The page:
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Paul McCartney says time has healed bitter rift with Yoko Ono

After years of bitterness, Paul McCartney and Yoko Ono have decided to just let it be.

In the new issue of Rolling Stone (on newsstands Friday), the Beatle opens up in a remarkably candid cover story, telling RS that whatever walls stood between himself and John Lennon's widow have been torn down.

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"She's badass," McCartney says, revealing the key to their reconciliation was "Time, the great healer. I thought, 'If John loved her, there's got to be something. He's not stupid."

That's a big emotional step for the Beatle, who told Rolling Stone in 2001 that he avoided Lennon tribute events because it was "difficult" to see Ono — partly because she'd refused to allow the credits on the Beatles' "Anthology" album series to read " 'Yesterday' by Paul McCartney and John Lennon" (instead of the other way around).

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John is still ever-present in McCartney's mind, Paul reveals, admitting he still sometimes acts like his old songwriter partner is working with him today. "If I'm at a point where I go, 'I'm not sure about this,' I'll throw it across the room to John," McCartney tells RS of his writing process. "He'll say, 'You can't go there, man.' And I'll say, 'You're quite right.' ... We'll have a conversation."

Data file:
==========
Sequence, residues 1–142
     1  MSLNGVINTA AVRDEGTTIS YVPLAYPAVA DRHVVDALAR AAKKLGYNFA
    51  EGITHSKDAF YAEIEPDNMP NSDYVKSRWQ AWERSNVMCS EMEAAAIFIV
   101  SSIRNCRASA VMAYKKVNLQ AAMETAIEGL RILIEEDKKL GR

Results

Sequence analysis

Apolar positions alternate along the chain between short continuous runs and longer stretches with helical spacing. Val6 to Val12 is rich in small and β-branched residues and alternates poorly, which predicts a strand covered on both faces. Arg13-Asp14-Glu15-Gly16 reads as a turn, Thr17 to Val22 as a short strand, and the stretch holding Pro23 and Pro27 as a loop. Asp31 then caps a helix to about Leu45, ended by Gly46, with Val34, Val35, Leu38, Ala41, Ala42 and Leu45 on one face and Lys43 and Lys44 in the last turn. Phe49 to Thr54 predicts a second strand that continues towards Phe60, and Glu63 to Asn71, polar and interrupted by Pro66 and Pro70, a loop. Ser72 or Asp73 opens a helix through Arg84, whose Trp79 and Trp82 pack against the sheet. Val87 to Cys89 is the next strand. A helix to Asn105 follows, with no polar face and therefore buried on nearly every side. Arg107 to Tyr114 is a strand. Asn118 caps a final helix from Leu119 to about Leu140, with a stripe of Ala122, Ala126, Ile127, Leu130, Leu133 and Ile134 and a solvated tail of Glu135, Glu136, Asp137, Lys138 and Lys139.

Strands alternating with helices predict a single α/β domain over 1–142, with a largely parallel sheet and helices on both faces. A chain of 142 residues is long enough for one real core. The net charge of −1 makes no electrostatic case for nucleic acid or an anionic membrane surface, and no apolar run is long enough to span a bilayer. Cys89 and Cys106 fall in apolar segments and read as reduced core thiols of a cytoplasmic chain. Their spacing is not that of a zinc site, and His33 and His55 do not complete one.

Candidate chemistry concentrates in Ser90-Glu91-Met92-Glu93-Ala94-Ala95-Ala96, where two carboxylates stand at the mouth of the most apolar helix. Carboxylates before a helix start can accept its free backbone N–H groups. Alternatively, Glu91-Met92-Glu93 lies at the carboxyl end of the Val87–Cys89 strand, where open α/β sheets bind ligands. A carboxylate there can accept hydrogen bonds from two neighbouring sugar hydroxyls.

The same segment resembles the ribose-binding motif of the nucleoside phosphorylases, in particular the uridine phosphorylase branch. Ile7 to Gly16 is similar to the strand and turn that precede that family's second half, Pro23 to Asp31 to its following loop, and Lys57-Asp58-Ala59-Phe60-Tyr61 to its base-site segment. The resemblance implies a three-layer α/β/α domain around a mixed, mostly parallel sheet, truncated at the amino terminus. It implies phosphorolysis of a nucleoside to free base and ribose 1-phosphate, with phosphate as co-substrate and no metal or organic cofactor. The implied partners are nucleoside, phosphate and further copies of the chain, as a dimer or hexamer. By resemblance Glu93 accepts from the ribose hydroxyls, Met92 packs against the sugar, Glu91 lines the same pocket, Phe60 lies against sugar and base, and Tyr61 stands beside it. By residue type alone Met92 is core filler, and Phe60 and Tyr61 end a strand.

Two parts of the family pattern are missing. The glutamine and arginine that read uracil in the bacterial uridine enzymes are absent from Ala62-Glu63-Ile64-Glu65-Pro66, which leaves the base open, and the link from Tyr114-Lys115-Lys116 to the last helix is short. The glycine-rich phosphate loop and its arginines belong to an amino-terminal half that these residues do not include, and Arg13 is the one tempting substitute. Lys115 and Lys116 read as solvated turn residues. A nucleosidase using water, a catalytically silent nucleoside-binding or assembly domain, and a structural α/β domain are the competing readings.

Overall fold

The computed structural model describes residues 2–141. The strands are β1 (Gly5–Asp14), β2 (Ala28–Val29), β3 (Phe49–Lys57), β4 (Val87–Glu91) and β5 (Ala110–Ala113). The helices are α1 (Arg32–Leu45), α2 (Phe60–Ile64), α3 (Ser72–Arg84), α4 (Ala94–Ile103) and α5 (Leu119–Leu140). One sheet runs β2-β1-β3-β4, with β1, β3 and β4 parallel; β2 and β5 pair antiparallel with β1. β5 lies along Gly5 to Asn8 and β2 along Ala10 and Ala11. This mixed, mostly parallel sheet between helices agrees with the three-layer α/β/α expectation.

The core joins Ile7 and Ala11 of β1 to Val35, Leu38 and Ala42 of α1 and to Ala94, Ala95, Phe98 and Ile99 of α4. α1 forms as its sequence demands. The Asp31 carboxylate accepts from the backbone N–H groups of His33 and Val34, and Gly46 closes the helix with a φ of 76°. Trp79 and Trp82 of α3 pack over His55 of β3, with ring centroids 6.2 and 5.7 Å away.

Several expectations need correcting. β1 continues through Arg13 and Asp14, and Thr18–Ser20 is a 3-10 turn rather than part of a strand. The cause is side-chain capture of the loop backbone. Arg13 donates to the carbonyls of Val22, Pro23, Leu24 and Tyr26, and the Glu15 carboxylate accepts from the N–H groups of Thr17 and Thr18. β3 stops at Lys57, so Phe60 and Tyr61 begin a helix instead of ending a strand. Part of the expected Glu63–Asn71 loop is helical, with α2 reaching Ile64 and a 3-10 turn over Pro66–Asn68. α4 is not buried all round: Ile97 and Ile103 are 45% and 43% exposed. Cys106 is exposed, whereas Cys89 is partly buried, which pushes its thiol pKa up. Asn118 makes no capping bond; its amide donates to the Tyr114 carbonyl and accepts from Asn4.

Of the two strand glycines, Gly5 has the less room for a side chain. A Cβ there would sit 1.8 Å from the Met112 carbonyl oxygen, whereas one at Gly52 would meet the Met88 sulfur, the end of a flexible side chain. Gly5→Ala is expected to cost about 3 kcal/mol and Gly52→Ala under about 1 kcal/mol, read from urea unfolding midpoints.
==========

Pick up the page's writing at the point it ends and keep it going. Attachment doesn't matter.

Another member of the Fab Four ultimately had an impact on McCartney's decision to let go of his grudges. "George [Harrison] would say to me, 'You don't want stuff like that hanging around in your life,'" McCartney reveals of the late Beatle, who died in 2001.

But that doesn't mean that McCartney would go so far as to forgive Lennon's murderer, Mark David Chapman, whose next appearance before the parole board comes in August 2014 (he was convicted in 1981 and sentenced to 20 years to life in prison). "Whether it was evil or just deranged — it was unforgiveable," McCartney says. "I think I could pretty much forgive anyone else. But I don't see why I'd want to forgive him."

McCartney, now 71, is releasing his 24th post-Beatles album, "New" — a joint effort he worked on with Adele's superstar collaborator Paul Epworth, Amy Winehouse's producer Mark Ronson, Giles Martin (yes, the son of legendary Beatles producer George), and Ethan Johns, who's worked closely with Kings of Leon.

Why continue to pump out music at a pace rockers half his age can barely maintain, and play epically long shows that rival Bruce Springsteen's marathons? McCartney says he's nowhere near done — not yet.

"I've always got the critic in my mind," he tells Rolling Stone. "He keeps me on my toes — 'Don't get too blasé about it.' I don't want to become too smug, to think I'm great."

And he has another critic even closer to home: his 9-year-old daughter Beatrice, who's become a sounding board for his new songs (McCartney shares custody with his ex-wife, Heather Mills). He remembers plucking a mandolin while fiddling around with ideas for his 2007 single "Dance Tonight" and discovering Beatrice was, well, dancing tonight. "I was hitting the floor, singing, and she came running in, dancing around," he remembers. "I went, 'Whoa, there's my proof.'"

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